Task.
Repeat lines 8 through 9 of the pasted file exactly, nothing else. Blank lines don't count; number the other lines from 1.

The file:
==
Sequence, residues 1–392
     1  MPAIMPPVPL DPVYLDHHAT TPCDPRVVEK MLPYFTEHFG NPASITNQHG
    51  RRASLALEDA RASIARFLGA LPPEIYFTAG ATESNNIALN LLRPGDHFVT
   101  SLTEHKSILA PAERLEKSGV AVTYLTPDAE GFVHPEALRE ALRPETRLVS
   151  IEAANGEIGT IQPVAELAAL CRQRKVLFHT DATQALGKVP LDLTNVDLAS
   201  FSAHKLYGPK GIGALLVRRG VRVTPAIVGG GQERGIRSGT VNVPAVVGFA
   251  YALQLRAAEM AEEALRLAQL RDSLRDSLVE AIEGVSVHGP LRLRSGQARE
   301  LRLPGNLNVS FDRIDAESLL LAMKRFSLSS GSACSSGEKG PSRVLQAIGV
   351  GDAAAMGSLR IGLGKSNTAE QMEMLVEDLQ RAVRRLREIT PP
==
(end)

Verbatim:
   301  LRLPGNLNVS FDRIDAESLL LAMKRFSLSS GSACSSGEKG PSRVLQAIGV
   351  GDAAAMGSLR IGLGKSNTAE QMEMLVEDLQ RAVRRLREIT PP